Looking for life on other planets is not straightforward. It usually relies on chemical detection, which might be limited or even completely irrelevant to alien biology. On the other hand, motion is a trait of all life, and can be used to identify microorganisms without any need of chemical foreknowledge. EPFL scientists have now developed an extremely sensitive yet simple motion detector that can be built easily by adapting already-existent technology. The system has proven accurate with detecting bacteria, yeast, and even cancer cells, and is considered for the rapid testing of drugs and even the detection of extraterrestrial life. The work is published in the Proceedings of the National Academy of Sciences (PNAS).
Giovanni Dietler, Sandor Kasas and Giovanni Longo at EPFL have developed a motion detector that uses a nano-sized cantilever to detect motion (see the image on the right for a macro example). A cantilever is essentially a beam that is anchored only at one end, with the other end bearing a load. The cantilever design is often used with bridges and buildings, but here it is implemented on the micrometer scale, and about 500 bacteria can be deposited on it.
The idea comes from the technology behind an existing microscope, the atomic force microscope. This powerful microscope uses a cantilever to produce pictures of the very atoms on a surface. The cantilever scans the surface like the needle of a record player and its up-and-down movement is read by a laser to produce an image.
The motion sensor the Dietler and Kasas developed works the same way, but here the sample is attached on the cantilever itself. For example, a bacterium attaches to the cantilever. If the bacterium is alive, it will inevitably move in some way, e.g. move its flagellum or simply carry out normal biological functions. That motion also moves the much smaller and sensitive cantilever and it is captured by the readout laser as series of vibrations. The signal is taken as a sign of life.
The EPFL scientists successfully tested their novel system with isolated bacteria, yeast, mouse and human cells. They even tested soil from the fields around the EPFL campus and water from the nearby Sorge river. In each case, they were able to accurately detect and isolate vibration signatures from living cells. When they used drugs to kill anything alive, the motion signals stopped.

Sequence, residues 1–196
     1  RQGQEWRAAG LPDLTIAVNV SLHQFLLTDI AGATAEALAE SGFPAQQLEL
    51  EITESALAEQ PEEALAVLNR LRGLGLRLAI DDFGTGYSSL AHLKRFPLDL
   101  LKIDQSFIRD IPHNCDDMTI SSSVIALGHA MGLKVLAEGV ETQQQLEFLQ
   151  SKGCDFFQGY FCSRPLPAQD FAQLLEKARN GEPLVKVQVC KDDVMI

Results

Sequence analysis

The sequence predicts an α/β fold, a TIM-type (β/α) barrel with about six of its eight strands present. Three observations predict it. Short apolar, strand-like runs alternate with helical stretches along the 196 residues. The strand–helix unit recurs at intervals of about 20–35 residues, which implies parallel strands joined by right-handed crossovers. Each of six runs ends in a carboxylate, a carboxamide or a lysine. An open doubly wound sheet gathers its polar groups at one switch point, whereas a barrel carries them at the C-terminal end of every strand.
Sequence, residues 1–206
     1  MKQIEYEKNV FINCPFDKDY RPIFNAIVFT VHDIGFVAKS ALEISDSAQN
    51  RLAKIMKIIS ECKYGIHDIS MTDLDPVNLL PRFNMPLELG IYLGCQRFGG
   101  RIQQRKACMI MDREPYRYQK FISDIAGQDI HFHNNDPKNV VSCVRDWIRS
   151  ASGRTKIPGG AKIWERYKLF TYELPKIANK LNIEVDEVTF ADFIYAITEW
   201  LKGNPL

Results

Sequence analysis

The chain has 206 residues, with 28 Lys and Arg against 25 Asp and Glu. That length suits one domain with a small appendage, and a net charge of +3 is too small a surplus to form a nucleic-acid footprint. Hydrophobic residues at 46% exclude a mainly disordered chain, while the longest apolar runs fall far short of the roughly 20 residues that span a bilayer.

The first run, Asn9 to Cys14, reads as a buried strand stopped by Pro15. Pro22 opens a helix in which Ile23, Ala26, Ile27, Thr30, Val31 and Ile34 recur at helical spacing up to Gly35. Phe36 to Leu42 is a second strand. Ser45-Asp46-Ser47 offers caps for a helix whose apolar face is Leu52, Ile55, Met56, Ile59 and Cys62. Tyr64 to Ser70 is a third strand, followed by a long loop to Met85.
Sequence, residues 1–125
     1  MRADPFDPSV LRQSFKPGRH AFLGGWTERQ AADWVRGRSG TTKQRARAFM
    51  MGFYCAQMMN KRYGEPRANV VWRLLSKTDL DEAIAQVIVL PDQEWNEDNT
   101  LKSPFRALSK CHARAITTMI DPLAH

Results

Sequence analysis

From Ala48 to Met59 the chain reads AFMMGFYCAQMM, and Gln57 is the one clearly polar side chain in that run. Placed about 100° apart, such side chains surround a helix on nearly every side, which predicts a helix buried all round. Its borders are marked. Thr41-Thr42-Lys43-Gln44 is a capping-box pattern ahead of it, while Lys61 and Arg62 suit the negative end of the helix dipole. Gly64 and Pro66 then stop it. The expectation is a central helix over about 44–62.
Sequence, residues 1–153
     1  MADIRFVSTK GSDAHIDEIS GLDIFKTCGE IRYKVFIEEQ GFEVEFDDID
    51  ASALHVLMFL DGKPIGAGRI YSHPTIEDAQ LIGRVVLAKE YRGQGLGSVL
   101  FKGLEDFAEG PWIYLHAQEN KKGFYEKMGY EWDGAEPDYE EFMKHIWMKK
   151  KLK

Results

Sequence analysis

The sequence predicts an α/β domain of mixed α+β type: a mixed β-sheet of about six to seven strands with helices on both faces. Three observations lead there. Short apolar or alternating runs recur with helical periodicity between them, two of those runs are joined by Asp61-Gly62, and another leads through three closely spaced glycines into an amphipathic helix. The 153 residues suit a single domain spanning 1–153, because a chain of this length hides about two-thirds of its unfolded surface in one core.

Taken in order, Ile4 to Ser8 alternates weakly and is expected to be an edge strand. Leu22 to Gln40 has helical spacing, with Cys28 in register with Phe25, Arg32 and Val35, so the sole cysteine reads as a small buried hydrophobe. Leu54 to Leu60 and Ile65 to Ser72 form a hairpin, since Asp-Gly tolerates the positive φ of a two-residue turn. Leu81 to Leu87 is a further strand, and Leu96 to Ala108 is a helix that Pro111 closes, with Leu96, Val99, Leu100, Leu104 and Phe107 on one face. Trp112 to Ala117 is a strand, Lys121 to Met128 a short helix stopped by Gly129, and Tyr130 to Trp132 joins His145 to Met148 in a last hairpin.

"The system has the benefit of being completely chemistry-free," says Dietler. "That means that it can be used anywhere — in drug testing or even in the search for extraterrestrial life." The scientists envision a large array of cantilever sensors used in future space exploration probes like the Mars rover. As it relies on motion rather than chemistry, the cantilever sensor would be able to detect life forms in mediums that are native to other planets, such as the methane in the lakes of Titan.
However, the more immediate applications of the cantilever system are in drug development. Used in a larger array, the cantilevers could be covered with bacteria or cancer cells and incubated with various drug compounds. If the drugs are effective against the attached cells, the motion signals would decrease or stop altogether as the cells die off. This approach would be considerably quicker than current high-throughput systems used in by pharmaceutical companies when looking for candidate antibiotics or anticancer drugs.
"This is really the next step," says Dietler. "But we're still calling ESA and NASA to see if they're interested."
(From 'Ecole Polytechnique Federale de Lausanne.' Featured image via Juan Gartner/Corbis/Science Photo Library)